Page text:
Comparing Iraq to Malaya

BBC NEWS | World | Middle East | Haditha blow to new doctrine

This is an interesting article that talks about the blow Haditha has served to the current attempt at counter-insurgency. It talks about the counter-insurgency thinking that is currently being developed and also discusses a book published in 2002 entitled

    Eat Soup with a Knife

which comes from a quote by Laurence of Arabia:

To make war upon rebellion is messy and slow, like eating soup with a knife.

While the article implies that the US learned nothing from Vietnam and has no counter-insurgency plan the fact is the US certainly has a lot of experience with counter-insurgency in Central America and South America. There are now large bodies of thought, knowlege and doctrine concerning counter-insurgency. Its not clear to me why these resources were not used once it became evident that our nation-building efforts would be confronted by large scale violent opposition.

An interesting note in the article says that while the book lauds the efforts of the British in post-war Malaya they too had a masacre of unarmed civilians. By historical accident they also numbered 24.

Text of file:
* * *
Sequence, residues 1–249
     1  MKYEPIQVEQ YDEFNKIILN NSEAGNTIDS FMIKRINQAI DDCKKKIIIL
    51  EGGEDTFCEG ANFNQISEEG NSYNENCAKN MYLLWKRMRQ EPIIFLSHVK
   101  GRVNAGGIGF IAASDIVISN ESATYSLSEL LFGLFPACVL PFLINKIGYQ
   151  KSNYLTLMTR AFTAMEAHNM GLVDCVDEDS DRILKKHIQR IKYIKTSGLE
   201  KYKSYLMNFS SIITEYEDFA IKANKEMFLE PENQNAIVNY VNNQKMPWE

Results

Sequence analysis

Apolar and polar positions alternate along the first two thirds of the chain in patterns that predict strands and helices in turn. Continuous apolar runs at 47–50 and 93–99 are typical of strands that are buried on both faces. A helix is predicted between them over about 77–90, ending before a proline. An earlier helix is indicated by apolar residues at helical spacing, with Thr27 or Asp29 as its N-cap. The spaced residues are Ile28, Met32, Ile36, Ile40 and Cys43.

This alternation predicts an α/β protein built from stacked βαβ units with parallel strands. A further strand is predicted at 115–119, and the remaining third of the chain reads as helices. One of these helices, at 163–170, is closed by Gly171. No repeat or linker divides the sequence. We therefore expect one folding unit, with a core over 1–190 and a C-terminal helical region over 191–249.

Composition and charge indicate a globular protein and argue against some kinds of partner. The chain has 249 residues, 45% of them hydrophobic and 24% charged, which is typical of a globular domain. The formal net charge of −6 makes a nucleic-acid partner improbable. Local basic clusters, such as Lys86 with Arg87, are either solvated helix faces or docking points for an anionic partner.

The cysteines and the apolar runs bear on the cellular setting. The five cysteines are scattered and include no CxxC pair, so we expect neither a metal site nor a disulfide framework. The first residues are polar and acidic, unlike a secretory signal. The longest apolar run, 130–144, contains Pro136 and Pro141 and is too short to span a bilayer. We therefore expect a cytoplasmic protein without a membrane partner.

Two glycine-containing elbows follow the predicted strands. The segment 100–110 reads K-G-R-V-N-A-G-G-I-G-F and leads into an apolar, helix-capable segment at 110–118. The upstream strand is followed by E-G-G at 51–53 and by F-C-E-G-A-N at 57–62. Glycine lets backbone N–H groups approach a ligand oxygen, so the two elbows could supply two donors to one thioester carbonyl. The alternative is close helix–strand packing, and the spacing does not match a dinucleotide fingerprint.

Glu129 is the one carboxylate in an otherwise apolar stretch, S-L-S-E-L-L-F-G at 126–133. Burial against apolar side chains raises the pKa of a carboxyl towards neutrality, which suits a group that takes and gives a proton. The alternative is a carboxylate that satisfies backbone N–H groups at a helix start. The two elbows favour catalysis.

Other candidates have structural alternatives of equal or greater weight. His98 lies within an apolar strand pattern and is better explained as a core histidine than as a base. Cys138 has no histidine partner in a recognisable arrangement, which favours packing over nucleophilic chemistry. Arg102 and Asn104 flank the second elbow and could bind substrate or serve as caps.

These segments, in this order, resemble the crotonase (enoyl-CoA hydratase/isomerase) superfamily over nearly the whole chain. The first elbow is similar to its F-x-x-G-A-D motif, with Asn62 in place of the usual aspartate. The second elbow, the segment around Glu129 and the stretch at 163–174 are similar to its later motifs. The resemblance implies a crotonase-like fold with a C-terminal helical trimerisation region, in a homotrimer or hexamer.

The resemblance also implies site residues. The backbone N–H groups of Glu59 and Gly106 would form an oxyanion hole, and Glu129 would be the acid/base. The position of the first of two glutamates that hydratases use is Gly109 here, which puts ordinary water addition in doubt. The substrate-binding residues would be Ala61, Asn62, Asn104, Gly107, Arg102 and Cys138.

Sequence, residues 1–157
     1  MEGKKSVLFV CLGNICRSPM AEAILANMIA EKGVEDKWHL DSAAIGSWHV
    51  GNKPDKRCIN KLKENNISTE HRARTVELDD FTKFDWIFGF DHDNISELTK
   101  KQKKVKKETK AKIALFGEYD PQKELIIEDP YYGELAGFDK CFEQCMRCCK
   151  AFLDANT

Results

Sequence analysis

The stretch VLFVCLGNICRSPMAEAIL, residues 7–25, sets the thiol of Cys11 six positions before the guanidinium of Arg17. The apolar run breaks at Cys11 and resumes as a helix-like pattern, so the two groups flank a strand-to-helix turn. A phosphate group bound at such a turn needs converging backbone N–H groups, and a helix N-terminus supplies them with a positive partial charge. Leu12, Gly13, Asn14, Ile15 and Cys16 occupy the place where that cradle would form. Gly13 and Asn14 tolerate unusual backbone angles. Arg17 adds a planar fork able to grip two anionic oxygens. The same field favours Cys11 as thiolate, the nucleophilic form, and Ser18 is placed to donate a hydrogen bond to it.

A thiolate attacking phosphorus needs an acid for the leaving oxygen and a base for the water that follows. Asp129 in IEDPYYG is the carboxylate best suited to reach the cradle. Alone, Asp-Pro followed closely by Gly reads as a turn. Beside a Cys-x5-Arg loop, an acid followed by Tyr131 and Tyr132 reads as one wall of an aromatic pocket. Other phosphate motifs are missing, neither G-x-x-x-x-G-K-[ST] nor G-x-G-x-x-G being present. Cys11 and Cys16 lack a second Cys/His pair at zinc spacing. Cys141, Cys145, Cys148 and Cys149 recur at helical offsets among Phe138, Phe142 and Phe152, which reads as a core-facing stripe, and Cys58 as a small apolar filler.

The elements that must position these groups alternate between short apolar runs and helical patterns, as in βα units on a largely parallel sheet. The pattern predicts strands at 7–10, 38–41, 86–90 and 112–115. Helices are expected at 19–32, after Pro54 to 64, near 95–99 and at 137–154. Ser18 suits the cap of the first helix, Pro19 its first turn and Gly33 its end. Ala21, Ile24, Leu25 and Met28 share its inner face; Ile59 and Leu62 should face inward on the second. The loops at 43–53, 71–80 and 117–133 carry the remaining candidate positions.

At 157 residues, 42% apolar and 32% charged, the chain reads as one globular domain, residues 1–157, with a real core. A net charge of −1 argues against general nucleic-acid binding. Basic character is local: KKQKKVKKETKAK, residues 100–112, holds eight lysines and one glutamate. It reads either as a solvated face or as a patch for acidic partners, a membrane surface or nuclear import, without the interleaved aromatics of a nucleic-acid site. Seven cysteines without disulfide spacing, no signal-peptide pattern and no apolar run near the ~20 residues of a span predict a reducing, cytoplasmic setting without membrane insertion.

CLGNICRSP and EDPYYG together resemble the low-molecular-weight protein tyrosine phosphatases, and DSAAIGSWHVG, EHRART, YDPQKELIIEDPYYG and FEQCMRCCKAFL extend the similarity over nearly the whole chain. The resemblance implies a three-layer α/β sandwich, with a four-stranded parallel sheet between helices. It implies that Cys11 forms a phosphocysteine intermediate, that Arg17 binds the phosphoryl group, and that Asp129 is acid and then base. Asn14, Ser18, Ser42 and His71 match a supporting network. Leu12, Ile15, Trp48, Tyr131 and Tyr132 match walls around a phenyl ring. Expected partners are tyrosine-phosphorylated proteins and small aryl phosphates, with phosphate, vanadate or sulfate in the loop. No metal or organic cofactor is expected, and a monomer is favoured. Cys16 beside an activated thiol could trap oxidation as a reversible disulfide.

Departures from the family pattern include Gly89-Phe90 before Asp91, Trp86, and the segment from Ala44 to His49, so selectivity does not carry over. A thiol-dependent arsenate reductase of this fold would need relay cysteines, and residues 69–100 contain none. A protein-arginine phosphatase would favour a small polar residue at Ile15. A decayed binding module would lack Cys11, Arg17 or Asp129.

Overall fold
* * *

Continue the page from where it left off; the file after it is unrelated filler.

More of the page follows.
A good book on the subject is the old but still extremely relevent Modern Warfare: A French View of Counterinsurgency by Roger Trinquier. The asymetrical fight between nation-builders and terrorists was just as much a problem in 1961 as it is in 2006.

While battles may be won on our table tops, this kind of war requires winning the allegiance of the population and to do that you have to be careful, sensitive and systematic. Its the non-battle events like the Haditha incident that are victories for the insurgents. You could game it out in a campaign but you would need a way of having unexpected events pop up. It might seem forced in a way and that might make it hard to feel like the players have any real control – but then that would make it a realistic simulation!

The important thing about this news story, I think, is that the things that happened in the Pacific Theater of WWII still provide valuable lessons.

Speak Your Mind